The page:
Goooooooo dips! Uh, I mean… team.
Every year, football fans and sports-averse partygoers agree on one thing: Super Bowl snacks are the Super Bowl of snacking. Whether you’re rooting for the Philadelphia Eagles, the Kansas City Chiefs, or deviled eggs, we will all share a collective food experience.
This Super Bowl Sunday, Americans will gather in front of the largest tv on the block and collectively consume 325.5 million gallons of beer, 1.25 billion chicken wings, 3.8 million pounds of popcorn, and roughly 19.4 pounds of chips. That’s a lotta snacking!
Facts about Super Bowl Snacks
1. “Cool Ranch” Doritos only exist in the United States
Ranch isn’t a popular condiment outside of the U.S., so Frito Lay had an interesting time marketing the “Cool Ranch” flavor abroad. To save the confusion, they remarketed Doritos Cool Ranch as “Cool American” or “Cool Original.
2. The Buffalo Chicken Wing Was Created by Accident
Reportedly, the Buffalo Chicken Wing is all thanks to Anchor Bar in Buffalo, NY. In 1964, the bar owners ordered chicken necks and backs and were sent wings. They had to sell the product, so Teressa Bellisimo (the co-owner) experimented with dressing up the excess chicken wings. Teressa broiled them, created a special spicy sauce using melted butter, hot sauce, and cayenne pepper, and paired them with celery and bleu cheese dressing to balance the spiciness of the wings. They became a local hit.
Image from The Spruce Eats
3. The History of Buffalo Chicken Wings and the Super Bowl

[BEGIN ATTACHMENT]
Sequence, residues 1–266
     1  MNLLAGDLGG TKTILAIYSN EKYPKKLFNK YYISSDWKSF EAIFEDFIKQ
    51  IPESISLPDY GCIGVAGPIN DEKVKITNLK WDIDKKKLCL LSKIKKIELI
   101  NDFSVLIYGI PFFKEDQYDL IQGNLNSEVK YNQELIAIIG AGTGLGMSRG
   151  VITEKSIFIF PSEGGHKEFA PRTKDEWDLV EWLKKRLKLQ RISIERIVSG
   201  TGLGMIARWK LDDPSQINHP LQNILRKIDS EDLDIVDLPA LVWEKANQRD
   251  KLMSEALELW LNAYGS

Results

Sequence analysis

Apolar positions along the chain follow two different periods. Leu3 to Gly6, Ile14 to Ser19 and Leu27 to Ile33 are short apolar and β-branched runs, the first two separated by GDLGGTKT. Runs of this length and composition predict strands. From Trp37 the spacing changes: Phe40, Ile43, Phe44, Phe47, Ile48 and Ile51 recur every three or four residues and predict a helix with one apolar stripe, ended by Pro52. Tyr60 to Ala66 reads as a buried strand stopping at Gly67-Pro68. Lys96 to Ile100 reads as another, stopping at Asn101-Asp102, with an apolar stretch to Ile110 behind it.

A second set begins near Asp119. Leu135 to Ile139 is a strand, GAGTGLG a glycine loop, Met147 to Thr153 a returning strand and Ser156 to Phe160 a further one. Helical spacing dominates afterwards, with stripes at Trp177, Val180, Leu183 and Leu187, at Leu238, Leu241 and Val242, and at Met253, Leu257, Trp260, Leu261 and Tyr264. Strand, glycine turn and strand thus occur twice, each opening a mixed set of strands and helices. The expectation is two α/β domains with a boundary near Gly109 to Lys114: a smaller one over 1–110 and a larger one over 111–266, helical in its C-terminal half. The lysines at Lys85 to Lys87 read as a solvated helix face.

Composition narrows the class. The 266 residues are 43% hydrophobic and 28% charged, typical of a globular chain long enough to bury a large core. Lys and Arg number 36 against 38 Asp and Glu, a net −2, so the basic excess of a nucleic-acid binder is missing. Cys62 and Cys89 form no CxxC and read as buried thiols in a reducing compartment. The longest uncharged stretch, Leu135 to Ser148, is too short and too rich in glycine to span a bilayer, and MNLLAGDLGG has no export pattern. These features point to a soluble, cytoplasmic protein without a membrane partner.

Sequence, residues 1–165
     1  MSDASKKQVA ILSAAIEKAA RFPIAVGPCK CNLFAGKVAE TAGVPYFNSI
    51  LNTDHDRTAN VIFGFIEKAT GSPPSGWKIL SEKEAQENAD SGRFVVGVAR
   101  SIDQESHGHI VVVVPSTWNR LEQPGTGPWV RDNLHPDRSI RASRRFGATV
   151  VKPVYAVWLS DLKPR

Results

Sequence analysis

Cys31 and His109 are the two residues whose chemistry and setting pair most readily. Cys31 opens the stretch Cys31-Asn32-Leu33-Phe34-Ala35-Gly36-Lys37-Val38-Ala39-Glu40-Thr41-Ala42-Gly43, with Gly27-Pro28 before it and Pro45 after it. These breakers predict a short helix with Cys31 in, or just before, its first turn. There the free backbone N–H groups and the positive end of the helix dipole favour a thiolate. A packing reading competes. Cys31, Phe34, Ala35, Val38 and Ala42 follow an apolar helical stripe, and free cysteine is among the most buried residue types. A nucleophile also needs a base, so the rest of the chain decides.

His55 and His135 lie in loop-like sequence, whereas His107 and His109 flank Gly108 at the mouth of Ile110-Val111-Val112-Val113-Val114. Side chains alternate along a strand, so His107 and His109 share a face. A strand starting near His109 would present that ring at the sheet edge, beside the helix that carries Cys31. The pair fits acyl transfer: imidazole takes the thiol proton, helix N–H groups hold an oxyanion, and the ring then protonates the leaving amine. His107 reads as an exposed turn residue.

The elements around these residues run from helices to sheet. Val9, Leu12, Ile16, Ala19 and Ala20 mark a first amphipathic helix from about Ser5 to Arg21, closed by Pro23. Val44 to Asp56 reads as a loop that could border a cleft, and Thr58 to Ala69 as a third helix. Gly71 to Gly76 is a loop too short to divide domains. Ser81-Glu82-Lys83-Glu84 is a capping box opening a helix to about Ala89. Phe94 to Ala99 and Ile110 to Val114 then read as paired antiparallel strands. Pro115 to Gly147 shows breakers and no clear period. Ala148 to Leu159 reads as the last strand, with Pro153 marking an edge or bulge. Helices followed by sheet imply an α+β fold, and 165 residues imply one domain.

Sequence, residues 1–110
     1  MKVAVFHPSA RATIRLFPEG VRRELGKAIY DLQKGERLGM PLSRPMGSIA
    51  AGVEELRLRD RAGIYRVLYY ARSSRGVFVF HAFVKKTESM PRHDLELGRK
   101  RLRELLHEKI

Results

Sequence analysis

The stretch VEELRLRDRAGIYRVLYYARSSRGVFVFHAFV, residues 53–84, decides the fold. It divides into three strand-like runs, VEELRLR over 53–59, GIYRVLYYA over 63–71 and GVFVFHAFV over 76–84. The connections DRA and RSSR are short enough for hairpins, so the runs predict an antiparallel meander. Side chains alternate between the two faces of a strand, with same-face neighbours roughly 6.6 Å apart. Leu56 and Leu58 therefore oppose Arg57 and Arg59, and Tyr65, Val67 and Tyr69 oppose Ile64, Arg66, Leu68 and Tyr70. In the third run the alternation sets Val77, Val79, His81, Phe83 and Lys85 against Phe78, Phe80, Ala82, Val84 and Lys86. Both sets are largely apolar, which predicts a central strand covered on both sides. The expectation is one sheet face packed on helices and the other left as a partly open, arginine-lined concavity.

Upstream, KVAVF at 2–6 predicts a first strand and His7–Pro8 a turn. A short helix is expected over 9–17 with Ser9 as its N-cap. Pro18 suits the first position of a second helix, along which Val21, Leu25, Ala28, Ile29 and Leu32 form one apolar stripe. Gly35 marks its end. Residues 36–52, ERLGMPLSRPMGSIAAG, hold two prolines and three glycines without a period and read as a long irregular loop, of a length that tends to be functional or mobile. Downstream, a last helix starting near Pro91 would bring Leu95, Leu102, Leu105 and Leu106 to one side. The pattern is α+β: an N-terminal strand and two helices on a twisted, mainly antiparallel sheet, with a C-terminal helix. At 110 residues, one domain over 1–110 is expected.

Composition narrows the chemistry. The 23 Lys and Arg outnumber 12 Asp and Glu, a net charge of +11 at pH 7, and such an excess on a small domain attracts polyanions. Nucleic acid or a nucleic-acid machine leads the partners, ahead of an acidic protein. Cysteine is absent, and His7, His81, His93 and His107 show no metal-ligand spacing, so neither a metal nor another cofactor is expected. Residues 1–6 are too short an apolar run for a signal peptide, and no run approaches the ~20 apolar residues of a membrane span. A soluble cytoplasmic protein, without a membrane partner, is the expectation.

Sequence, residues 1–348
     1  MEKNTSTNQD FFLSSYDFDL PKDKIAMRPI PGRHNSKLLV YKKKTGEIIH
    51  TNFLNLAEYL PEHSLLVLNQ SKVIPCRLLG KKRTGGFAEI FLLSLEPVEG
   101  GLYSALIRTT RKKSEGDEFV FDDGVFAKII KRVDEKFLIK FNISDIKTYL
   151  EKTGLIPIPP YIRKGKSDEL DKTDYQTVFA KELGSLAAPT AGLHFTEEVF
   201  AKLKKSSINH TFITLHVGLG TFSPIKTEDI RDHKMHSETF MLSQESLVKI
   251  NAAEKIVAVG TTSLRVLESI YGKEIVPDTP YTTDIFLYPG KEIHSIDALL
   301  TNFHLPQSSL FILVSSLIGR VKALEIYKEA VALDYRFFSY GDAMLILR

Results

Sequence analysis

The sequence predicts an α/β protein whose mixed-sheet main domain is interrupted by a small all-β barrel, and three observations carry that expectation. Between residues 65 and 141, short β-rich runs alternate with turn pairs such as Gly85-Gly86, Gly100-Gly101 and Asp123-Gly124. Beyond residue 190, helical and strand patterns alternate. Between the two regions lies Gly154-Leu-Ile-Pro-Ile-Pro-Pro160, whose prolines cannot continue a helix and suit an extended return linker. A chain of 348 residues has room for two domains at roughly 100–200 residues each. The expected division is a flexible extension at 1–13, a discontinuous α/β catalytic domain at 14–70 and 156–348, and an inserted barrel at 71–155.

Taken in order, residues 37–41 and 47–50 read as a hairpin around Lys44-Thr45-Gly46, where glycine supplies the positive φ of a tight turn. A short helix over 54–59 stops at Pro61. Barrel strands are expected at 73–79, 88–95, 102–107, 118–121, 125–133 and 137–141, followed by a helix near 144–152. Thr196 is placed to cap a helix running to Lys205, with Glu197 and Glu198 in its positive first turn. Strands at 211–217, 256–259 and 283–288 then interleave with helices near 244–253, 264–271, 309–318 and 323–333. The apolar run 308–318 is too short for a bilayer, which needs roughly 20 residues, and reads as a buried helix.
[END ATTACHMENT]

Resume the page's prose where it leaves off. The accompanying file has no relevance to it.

A Buffalo Boom came after the Buffalo Bills NFL team made it to the Super Bowl for consecutive years from 1990 to 1993. During coverage of the team during those years, national media outlets depicted local food traditions, including Buffalo Wings' popularity. The recipe became popular and quickly became a Super Bowl snack staple.
Getty Images/James Flores
4. Deviled Eggs are Ancient
While a common Super Bowl and southern cooking tradition today, the history of deviled eggs goes back further than you may think. The History Channel sites deviled eggs being traced back to ancient Rome, though they looked different than today’s deviled eggs, as they were boiled and seasoned with spicy sauces. “Deviling” was a culinary term used to describe a dish that had been boiled and had heavy spice added to it. In the 13th century, Spanish cookbooks suggests using cilantro, onion juice, pepper, coriander, and fish sauce. We don’t see our current-day deviled egg recipe suggested until an 1896 cookbook, which was the first to include mayonnaise.
Start a New Super Bowl Snack Tradition
Hosting a Super Bowl party isn’t easy! Make sure you have some ready-to-go snacks that will "wow" your crowd on hand. Our Game Day Party Pack is quick and tasty, perfect to start off your feast. Happy sport-ing!